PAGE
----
There’s a new option to escape a tsunami for people on the southwest coast of Washington.
The Shoalwater Bay Indian Tribe dedicated a 50-foot tall evacuation tower in Tokeland, Washington, the Northwest News Network reported.
When the next magnitude 9.0 rip of the offshore Cascadia fault zone happens, people on the Pacific Northwest coast will have some 15 to 35 minutes to get to high ground to escape a possible tsunami.
Tokeland is on a long, flat peninsula with no high ground within walking or running distance for many there.
Shoalwater tribal council member Lynn Clark said at the dedication ceremony that the tower will save lives. Tribal leaders and the Federal Emergency Management Agency said it should be an example and inspiration for other vulnerable coastal communities.
The tribe’s emergency management director, Ken Ufkin, said he can sleep better now that the sturdy, double-decker tsunami refuge tower exists. The tower stands close to the midpoint of the nearly 3-mile-long Tokeland Peninsula.
“This allows folks even if it’s 2:30 in the morning in your pajamas to scoop up your family and make it here in a very short amount of time – in under a 15-minute window for nearly everyone from Tokeland Point to the heart of the reservation,” Ufkin said.
The tower will be open to all in a disaster. The tower platforms have a capacity of more than 400 people, which is considerably more than the tribal population of the small Shoalwater Bay reservation.
The Tokeland evacuation tower resembles free-standing tsunami towers built in Japan, but officials said it’s the first of its type in North America. Two other tsunami refuges on the Northwest coast – in Newport, Oregon, and Westport, Washington – are reinforced platforms on the roofs of a school or university building.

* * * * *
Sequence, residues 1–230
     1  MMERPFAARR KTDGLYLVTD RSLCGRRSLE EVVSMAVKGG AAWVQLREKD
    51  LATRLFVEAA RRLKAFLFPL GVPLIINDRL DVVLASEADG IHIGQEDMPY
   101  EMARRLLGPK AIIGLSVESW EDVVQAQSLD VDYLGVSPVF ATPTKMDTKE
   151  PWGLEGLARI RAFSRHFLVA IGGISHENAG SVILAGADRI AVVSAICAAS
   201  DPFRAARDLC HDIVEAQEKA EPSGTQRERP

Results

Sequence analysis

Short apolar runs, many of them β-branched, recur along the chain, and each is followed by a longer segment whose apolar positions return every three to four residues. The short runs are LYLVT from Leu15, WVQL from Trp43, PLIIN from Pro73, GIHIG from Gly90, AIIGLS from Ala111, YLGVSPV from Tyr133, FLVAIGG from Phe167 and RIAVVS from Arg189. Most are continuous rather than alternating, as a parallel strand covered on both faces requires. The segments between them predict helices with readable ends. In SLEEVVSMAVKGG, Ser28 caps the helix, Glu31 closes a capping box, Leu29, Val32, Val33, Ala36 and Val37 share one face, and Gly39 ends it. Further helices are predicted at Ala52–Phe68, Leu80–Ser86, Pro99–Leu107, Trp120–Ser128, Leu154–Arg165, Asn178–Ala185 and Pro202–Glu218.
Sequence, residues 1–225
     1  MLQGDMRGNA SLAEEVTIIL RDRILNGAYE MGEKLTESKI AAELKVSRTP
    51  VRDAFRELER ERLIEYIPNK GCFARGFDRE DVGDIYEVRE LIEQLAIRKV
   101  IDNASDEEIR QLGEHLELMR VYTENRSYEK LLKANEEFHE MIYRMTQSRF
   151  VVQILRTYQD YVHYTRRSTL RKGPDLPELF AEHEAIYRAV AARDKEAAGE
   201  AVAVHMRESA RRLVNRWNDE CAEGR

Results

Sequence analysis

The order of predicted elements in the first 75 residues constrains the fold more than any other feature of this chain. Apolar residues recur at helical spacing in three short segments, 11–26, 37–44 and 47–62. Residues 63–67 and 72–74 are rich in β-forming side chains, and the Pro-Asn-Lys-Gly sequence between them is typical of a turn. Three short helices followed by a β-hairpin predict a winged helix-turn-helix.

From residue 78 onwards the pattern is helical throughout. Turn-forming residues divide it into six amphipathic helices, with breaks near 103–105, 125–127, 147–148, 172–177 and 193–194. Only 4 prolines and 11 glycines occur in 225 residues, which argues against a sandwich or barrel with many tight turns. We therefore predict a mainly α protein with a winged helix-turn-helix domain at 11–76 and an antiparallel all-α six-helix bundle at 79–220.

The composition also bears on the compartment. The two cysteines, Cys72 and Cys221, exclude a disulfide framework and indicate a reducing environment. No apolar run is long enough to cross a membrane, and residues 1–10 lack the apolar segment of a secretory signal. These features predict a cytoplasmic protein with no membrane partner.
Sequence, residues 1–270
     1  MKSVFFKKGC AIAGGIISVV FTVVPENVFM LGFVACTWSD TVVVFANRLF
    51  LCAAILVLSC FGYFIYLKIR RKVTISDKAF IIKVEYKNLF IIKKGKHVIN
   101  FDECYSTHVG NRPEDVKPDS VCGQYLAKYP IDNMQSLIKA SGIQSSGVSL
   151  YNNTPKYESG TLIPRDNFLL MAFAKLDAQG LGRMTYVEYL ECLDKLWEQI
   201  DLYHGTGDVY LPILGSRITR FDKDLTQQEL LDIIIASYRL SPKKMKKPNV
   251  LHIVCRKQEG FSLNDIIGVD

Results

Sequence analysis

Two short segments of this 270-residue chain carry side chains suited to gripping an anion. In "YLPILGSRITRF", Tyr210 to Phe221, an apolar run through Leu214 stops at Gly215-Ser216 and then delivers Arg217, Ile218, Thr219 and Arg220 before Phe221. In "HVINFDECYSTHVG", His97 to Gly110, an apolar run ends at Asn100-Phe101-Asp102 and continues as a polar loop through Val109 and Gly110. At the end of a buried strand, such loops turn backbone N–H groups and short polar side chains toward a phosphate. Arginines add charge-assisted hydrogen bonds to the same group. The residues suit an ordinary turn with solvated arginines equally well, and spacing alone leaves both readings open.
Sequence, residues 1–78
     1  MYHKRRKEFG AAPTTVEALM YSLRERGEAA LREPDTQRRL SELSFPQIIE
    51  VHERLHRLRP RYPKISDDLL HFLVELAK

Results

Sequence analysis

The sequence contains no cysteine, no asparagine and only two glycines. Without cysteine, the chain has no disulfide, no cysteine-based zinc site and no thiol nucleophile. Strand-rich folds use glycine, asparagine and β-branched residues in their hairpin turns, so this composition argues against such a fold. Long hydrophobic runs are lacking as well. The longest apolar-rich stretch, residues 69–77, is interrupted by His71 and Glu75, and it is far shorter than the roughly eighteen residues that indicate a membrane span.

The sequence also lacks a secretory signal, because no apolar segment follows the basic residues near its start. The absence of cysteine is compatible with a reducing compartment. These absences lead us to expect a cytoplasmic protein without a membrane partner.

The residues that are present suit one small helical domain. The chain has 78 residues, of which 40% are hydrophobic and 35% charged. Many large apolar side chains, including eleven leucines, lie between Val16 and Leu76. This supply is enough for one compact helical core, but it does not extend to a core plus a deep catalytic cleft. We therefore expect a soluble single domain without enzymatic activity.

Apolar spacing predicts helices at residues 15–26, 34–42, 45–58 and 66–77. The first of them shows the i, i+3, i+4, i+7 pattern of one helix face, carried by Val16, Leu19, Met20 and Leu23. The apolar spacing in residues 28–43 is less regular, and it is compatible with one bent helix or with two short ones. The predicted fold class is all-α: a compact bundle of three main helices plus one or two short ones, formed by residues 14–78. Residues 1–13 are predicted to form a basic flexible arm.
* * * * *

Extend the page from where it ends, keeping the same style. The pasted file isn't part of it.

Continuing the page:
Design engineer Cale Ash, who worked on the Tokeland tower for Degenkolb Engineers, said tsunami experts modeled the maximum wave height near the mouth of Willapa Bay as 16.3 feet and said the design team rounded up to 20.2 feet to be safe. He said the floor of the lower platform is 33 feet above the ground and the floor of the upper platform is 43 feet high.
Ash also said at the dedication that the tower rests on concrete pilings that go 55 feet deep to withstand violent shaking of the soft, sandy soils of the peninsula.
The Federal Emergency Management Agency provided $3.8 million toward the design and construction of the Tokeland tower. The Shoalwater Bay tribe contributed an additional $1.2 million to complete the budget.
The most likely next place in the Northwest to build a tsunami evacuation tower is the town of Ocean Shores, Washington, which is working with Degenkolb on a design.
Some emergency planners have qualms about relying on vertical evacuation structures because it leaves a potentially large number of people in a disaster zone who will need to be rescued later.
Ufkin and others say, however, that reaching safety quickly by driving away is unlikely to be an option if a major earthquake buckles roads and topples power poles in low-lying places such as Tokeland – or in Ocean Shores and Long Beach, Washington, and parts of Seaside and Warrenton, Oregon, for example too.
Geologists and emergency planners consider the Cascadia Subduction Zone fault among the most significant disaster threats in the U.S. The offshore fault last ruptured in January 1700, spawning a tsunami that reached all the way across the Pacific to Japan.
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